Academic journal article Cross / Cultures

Identity and the Re-Assertion of Aboriginal Knowledge in Sam Watson's the Kadaitcha Sung

Academic journal article Cross / Cultures

Identity and the Re-Assertion of Aboriginal Knowledge in Sam Watson's the Kadaitcha Sung

Article excerpt

The colonization of Australia by white Europeans triggered a long and woeful history of genocide, oppression, and exploitation in the course of which Aboriginal Australians were marginalized and submitted to the regimes of white capitalist culture. This had serious consequences for their own Indigenous cultures, which, as we all know, were constructed in white European representations as primitive, savage, and inferior Others in need of being superseded by the supposed blessings of the progress of white civilization. The orality of Aboriginal cultures further contributed to tiie silencing and suppression of a literature and an epistemic system which were not granted any status in the cultural taxonomies of the colonizers with their emphasis on written texts. Not only did this lead to a serious denigration and in some instances even the disappearance of Aboriginal knowledge, but it also damaged Indigenous Australians' sense of identity.

The twentieth century, however, in a long, slow, and arduous process and in the face of continuing discrimination, saw a gradual and at least partial recovery of Aboriginal culture and identity. Indigenous Australians raised their voice again, and this time they also used writing to make themselves heard, from David Unaipon's early interventions in the 1920s via the first budding of a black Australian literature in English in the 1960s to the present, in which it can be said that there is a sizeable body of anglophone Aboriginal writing. The Empire has indeed begun to write back, in Salman Rushdie's famous phrase, and it does so with a vengeance indeed, as the following remarks will show. I have chosen Sam Watson's novel The Kadaitcha Sung, published in 1990, as my central text and example here because it illustrates how the issues I have just mentioned are negotiated in contemporary Aboriginal literature in a way that both salvages and re-asserts Indigenous knowledge and in doing so also re-asserts Aboriginal identity.1

The Kadaitcha Sung is a hybrid text insofar as it is many things at the same time. It is an action-packed adventure novel,2 a revenge story, a piece of magical realism3 combining social documentary with mythological and fantastic as well as gothic elements,4 a confrontational story accusing the perpetrators of colonialist crimes in a shrill and often violent narrative that also contains lyrical and subtly meditative passages, but it is also a morality story about the struggle between good and evil and a postcolonial comment on race relations in contemporary Australia. It tells the story of the half-caste Tommy Gubba, son of Fleur, a white Australian woman, and of Koobara, one of the gods from the Dreamtime. Tommy is one of the last two members of the powerful Kadaitcha, "an ancient clan of sorcerers from the heavens," sent down to the earth there to represent the great god Biamee.5 The other remaining Kadaitcha is Tommy's uncle Booka Roth, who, in a struggle for power, killed his own brother: i.e. Tommy's father, and banished Biamee from the realm of the mortals by stealing the sacred heart of the rainbow serpent. Booka Roth6 then took on a white identity by inhabiting a migloo (i.e. white) body; ever since, he has been seeking earthly power by collaborating with white Australians. Booka becomes a Captain of the Native Mounted Police and in that capacity commits many crimes, murdering Aborigines and raping women. Tommy Gubba is elected by the gods to re-establish order and justice. He is to seek the stolen sacred heart of the rainbow serpent and return it to Biamee, thereby ending the latter's banishment from earth as well as making Booka's punishment possible.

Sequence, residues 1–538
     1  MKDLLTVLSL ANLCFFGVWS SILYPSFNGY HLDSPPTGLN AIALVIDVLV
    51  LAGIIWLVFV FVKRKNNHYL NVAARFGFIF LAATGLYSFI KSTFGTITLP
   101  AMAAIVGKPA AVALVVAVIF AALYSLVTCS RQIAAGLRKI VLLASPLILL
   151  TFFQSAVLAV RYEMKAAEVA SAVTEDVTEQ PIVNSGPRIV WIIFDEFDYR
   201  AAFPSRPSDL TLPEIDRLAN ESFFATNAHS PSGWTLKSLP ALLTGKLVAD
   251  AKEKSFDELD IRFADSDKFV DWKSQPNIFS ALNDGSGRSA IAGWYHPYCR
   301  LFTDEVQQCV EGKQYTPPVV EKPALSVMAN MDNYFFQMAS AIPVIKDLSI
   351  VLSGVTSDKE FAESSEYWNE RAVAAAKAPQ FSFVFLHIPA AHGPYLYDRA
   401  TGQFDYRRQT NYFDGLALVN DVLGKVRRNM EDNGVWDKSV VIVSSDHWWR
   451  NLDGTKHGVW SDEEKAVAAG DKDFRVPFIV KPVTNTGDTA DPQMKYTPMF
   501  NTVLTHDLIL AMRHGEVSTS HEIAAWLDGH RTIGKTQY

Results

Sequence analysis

The novel begins with a prologue which is printed in italics and provides tiie mythological framework as well as the prehistory of the plot of the novel. This prologue is interesting because it already encapsulates in a nutshell some of the salient principles on which the book's postcolonial and anti-racist discourse, its process of writing back,7 is founded. …

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